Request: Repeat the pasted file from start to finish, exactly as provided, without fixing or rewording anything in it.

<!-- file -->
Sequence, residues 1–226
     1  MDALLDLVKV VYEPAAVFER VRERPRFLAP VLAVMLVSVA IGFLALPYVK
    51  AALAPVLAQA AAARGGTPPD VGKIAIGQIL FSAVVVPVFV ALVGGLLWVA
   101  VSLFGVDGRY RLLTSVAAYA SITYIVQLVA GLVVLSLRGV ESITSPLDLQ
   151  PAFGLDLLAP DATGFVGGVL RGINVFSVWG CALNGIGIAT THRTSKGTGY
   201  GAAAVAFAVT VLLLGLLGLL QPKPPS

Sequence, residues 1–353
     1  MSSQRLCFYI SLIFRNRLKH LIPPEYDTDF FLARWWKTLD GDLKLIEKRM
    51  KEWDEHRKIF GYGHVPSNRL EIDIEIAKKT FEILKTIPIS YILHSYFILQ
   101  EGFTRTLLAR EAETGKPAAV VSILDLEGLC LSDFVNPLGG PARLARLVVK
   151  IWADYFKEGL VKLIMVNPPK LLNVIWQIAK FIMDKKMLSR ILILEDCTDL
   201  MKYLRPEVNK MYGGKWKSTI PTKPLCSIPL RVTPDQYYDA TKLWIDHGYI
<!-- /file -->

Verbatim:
Sequence, residues 1–226
     1  MDALLDLVKV VYEPAAVFER VRERPRFLAP VLAVMLVSVA IGFLALPYVK
    51  AALAPVLAQA AAARGGTPPD VGKIAIGQIL FSAVVVPVFV ALVGGLLWVA
   101  VSLFGVDGRY RLLTSVAAYA SITYIVQLVA GLVVLSLRGV ESITSPLDLQ
   151  PAFGLDLLAP DATGFVGGVL RGINVFSVWG CALNGIGIAT THRTSKGTGY
   201  GAAAVAFAVT VLLLGLLGLL QPKPPS

Sequence, residues 1–353
     1  MSSQRLCFYI SLIFRNRLKH LIPPEYDTDF FLARWWKTLD GDLKLIEKRM
    51  KEWDEHRKIF GYGHVPSNRL EIDIEIAKKT FEILKTIPIS YILHSYFILQ
   101  EGFTRTLLAR EAETGKPAAV VSILDLEGLC LSDFVNPLGG PARLARLVVK
   151  IWADYFKEGL VKLIMVNPPK LLNVIWQIAK FIMDKKMLSR ILILEDCTDL
   201  MKYLRPEVNK MYGGKWKSTI PTKPLCSIPL RVTPDQYYDA TKLWIDHGYI